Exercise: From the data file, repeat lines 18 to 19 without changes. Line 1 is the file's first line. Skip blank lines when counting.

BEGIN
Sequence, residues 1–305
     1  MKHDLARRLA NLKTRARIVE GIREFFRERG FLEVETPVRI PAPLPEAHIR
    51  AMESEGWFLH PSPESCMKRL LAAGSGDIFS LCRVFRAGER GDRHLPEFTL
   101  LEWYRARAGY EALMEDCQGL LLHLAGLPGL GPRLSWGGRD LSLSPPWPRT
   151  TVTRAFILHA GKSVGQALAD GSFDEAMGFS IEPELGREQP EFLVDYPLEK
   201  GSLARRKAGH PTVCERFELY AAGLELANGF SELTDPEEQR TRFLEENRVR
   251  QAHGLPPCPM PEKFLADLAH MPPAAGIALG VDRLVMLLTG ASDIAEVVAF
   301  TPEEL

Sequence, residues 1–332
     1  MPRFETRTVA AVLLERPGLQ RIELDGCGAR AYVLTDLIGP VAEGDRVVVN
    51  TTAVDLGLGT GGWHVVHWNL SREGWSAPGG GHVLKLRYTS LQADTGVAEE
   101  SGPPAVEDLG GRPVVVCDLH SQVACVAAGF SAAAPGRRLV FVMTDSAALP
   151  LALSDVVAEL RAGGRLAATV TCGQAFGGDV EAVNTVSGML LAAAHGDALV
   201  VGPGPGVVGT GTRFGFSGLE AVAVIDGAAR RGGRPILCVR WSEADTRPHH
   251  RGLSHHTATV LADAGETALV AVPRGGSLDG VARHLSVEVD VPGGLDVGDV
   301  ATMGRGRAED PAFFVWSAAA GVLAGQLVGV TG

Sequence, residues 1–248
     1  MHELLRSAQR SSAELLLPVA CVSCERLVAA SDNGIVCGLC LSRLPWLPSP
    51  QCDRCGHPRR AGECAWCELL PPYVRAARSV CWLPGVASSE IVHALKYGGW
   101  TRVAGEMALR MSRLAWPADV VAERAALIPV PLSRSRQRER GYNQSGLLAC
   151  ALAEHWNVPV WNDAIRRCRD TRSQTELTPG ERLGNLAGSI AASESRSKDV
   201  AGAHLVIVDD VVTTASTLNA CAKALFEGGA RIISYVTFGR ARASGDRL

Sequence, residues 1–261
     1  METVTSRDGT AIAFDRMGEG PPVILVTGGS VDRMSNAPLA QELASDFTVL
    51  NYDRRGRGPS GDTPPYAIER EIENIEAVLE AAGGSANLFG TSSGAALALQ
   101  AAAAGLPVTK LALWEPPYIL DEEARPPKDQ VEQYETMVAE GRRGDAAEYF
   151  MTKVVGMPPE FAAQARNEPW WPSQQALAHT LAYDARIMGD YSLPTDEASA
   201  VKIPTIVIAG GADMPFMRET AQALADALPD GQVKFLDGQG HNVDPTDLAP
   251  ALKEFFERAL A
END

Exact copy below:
     1  MHELLRSAQR SSAELLLPVA CVSCERLVAA SDNGIVCGLC LSRLPWLPSP
    51  QCDRCGHPRR AGECAWCELL PPYVRAARSV CWLPGVASSE IVHALKYGGW